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Move over Leonardo and Picasso, it could be that 2012 is going to be Titian’s year. There is a touring exhibition organized by the National Gallery, London, displaying Diana and Actaeon (1556–9), in Liverpool, Norwich and Cardiff. The NG’s recent exhibition ‘Diana and Callisto’ and the current ‘Titian’s First Masterpiece’lead toward the major summer show ‘Titian: Metamorphosis 2012’,in July. And that’s apart from exhibitions in Milan and New York. With much to see of Titian’s work, a new publication, Titian, an introduction to the painter by art historian Norbert Wolf, is a good companion.
In Titian – a beautifully illustrated book – Norbert Wolf focuses on the history of Titian’s life and his key paintings. He uses the artist’s own words and those of patrons and Renaissance writers to set works in context and to give insight into Titian’s life at the Venetian court and beyond. Wolf reveals Titian to have been an ambitious man, called by an envoy to the court of Urbino, ‘the most money-grubbing individual ever created by nature... [who] would let himself be flayed alive for the sake of money’.
That shock summary sharply focuses one’s perspective on the artist patronized by popes and kings. Wolf’s analysis engages the reader in Titian’s robust drive to secure the best commissions, plus mild grovelling for good jobs and income for his family, not always with success. It opens up debate on the challenges of an artist’s life in 16th-century Venice. The text is further supported with a timeline biography of the ‘Life and work of Titian’ linked to ‘Political and cultural’ life in Italy.
Reading through the chapters, the list of Titian’s illustrious patrons is astonishing. He was a revered artist, although perhaps not by Florentine rivals Giorgio Vasari and Michelangelo, who visited Titian when he was in Rome in 1545. Estimates of the number of paintings produced during the painter’s career range from over 400 to possibly as many as 600, if variations on an original painting are counted (such as replications of his nude portraits for princely and aristocratic patrons).
In Titian, portraits, altarpieces, frescoes and many nude paintings are ‘unwrapped’ to reveal their history, such as the near seven-metre high Assumption (1516–18) – the largest altarpiece created in Venice – for the Frari Church, which caused a sensation. Lodovico Dolce, a ‘Renaissance man of letters’, identified it as marking the beginning of the Venetian nuova maniera, the new way of painting, replacing the previous ‘cold and lifeless figures’. And this was just at the beginning of Titian’s career.
In a chapter devoted to Titian’s nudes, an example is the stunning Danaë (c.1545–6) (now in Naples), commissioned by Cardinal Alessandro Farnese. Wolf refers to a letter written by Giovanni della Casa, papal nuncio in Venice, which updates the cardinal: ‘Titian has almost completed a naked female figure Your Eminence ordered that would put the devil into the Cardinal of San Silvestro’. Wolf explains that the cardinal mentioned is the Dominican Tommaso Badia, a leading censor of the papal court.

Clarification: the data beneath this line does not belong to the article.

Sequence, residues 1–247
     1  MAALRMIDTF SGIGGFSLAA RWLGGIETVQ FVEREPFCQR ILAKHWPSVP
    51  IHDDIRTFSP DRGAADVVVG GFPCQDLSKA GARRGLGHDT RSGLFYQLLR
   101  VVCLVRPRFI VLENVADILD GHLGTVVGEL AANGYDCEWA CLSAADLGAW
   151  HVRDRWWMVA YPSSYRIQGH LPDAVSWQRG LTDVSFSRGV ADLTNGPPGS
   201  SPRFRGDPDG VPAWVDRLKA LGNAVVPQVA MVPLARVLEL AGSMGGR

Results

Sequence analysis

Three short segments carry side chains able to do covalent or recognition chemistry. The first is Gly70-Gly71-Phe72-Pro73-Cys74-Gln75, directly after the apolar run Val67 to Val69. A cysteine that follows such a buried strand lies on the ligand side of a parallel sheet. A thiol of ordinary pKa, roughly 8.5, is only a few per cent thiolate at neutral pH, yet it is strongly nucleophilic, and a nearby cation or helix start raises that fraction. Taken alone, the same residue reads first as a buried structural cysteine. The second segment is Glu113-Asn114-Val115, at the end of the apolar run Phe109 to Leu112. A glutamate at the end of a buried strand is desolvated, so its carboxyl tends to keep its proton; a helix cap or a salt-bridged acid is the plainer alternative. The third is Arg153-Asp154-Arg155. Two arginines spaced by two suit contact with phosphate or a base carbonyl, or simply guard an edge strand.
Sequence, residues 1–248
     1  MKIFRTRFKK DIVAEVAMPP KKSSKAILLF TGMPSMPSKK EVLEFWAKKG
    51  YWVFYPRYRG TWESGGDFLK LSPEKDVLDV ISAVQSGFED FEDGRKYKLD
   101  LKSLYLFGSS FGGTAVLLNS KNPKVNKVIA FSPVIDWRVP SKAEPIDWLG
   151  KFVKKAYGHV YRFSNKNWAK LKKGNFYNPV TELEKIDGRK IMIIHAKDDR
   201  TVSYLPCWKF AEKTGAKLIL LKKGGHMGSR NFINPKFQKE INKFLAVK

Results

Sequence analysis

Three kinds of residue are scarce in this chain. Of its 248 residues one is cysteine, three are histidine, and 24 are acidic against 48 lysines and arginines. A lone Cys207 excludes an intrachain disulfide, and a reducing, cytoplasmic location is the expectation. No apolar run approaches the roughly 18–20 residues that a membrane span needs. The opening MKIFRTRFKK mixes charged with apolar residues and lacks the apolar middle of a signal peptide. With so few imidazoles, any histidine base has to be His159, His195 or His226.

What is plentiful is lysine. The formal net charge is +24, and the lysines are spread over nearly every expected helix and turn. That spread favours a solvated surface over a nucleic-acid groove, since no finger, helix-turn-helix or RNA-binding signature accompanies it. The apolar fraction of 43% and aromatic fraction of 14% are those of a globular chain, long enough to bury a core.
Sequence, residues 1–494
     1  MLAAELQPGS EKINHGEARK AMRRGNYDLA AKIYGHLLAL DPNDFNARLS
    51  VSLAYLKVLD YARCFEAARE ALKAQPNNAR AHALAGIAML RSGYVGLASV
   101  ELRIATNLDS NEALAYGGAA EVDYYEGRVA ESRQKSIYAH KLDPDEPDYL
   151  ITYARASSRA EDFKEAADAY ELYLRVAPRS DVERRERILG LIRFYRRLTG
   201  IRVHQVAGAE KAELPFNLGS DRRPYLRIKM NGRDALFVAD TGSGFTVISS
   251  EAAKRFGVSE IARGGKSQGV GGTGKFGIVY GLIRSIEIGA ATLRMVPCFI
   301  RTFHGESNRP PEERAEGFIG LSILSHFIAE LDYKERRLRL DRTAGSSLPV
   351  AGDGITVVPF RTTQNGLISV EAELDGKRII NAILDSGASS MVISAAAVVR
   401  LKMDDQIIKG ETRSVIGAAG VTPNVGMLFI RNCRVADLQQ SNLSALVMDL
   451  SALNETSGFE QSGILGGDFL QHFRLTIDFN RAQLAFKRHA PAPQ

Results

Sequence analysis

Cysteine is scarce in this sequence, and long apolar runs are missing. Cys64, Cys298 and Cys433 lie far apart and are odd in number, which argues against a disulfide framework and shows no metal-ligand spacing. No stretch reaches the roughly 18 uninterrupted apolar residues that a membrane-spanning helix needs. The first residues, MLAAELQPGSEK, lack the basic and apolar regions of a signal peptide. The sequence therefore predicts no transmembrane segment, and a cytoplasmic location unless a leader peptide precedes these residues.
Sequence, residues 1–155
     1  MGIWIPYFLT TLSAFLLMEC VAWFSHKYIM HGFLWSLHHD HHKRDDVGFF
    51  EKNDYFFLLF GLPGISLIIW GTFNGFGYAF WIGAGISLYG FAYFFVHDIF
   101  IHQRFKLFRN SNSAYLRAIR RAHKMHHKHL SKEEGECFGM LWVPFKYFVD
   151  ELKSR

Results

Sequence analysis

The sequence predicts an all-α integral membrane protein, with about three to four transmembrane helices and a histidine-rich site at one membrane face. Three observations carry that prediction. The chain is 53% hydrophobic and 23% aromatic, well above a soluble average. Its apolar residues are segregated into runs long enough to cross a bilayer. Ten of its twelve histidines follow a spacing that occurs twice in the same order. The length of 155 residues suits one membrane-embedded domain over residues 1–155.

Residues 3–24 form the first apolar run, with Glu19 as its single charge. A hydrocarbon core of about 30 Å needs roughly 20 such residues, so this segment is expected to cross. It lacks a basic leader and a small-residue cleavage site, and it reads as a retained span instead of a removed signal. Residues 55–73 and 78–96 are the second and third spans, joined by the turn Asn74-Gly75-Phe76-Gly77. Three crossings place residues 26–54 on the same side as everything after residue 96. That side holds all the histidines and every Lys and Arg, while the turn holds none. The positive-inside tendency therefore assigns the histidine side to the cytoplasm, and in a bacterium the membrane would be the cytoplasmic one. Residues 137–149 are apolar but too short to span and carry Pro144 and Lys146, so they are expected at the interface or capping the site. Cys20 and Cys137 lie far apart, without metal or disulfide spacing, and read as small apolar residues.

One imagines the Danaë arriving at the Farnese palace by the back door, or at least wrapped in a large brown envelope; particularly as Della Casa stated that Titian could give Danaë the face of Donna Olimpia, a high-class courtesan intimately known to Cardinal Alessandro. It was Titian’s intent to create for his patron an erotic nude more sensual than Giorgione’s (and Titian’s) Sleeping Venus (1508–10) (Gemäldegalerie Alte Meister, Dresden); or Titian’s Venus of Urbino (1538) (Galleria degli Uffizi, Florence), referred to by Della Casa as a ‘Theatine nun by comparison’. Wolf’s research certainly brings the paintings, the patrons and the painter to life.
Surprisingly, or perhaps not, the Hermitage Museum’s painting by Titian, The Flight into Egypt (c.1506–7), currently on loan to the National Gallery and billed as his first masterpiece, does not get a mention in Wolf’s history. Titian scholars must appraise his art on different scales. More familiar masterpieces, such as Bacchus and Ariadne (c.1520–3) (National Gallery, London) and Titian’s many remarkable portraits and religious works, are discussed and illustrated.
It is Titian’s Self-Portrait (c.1550–62) (Gemäldergalerie, Staatliche Museen zu Berlin) that Wolf uses to ‘show and tell’ Titian as he wanted to be portrayed, ‘devoted to the semiotics of success... all is prestige and reputation...’. In his self-portrait Titian wears a luxurious fur robe and four glittering chains of gold presented to him on his knighthood in 1533 by Emperor Charles V. Wolf states that the painter may even have up-scaled his age to be recorded older than he was in later years, nearer to 100 than 90, which is an unusual ploy to gain gravitas and one that gives further insight into the commercial mindset of this ‘prince of painters’, whom Wolf unmasks.
Titian by Norbert Wolfis published by Prestel Publishing, 2012
144 pp., 160 illustrations, 130 in colour, £14.99 flexicover. ISBN 978-3-7913-4697-7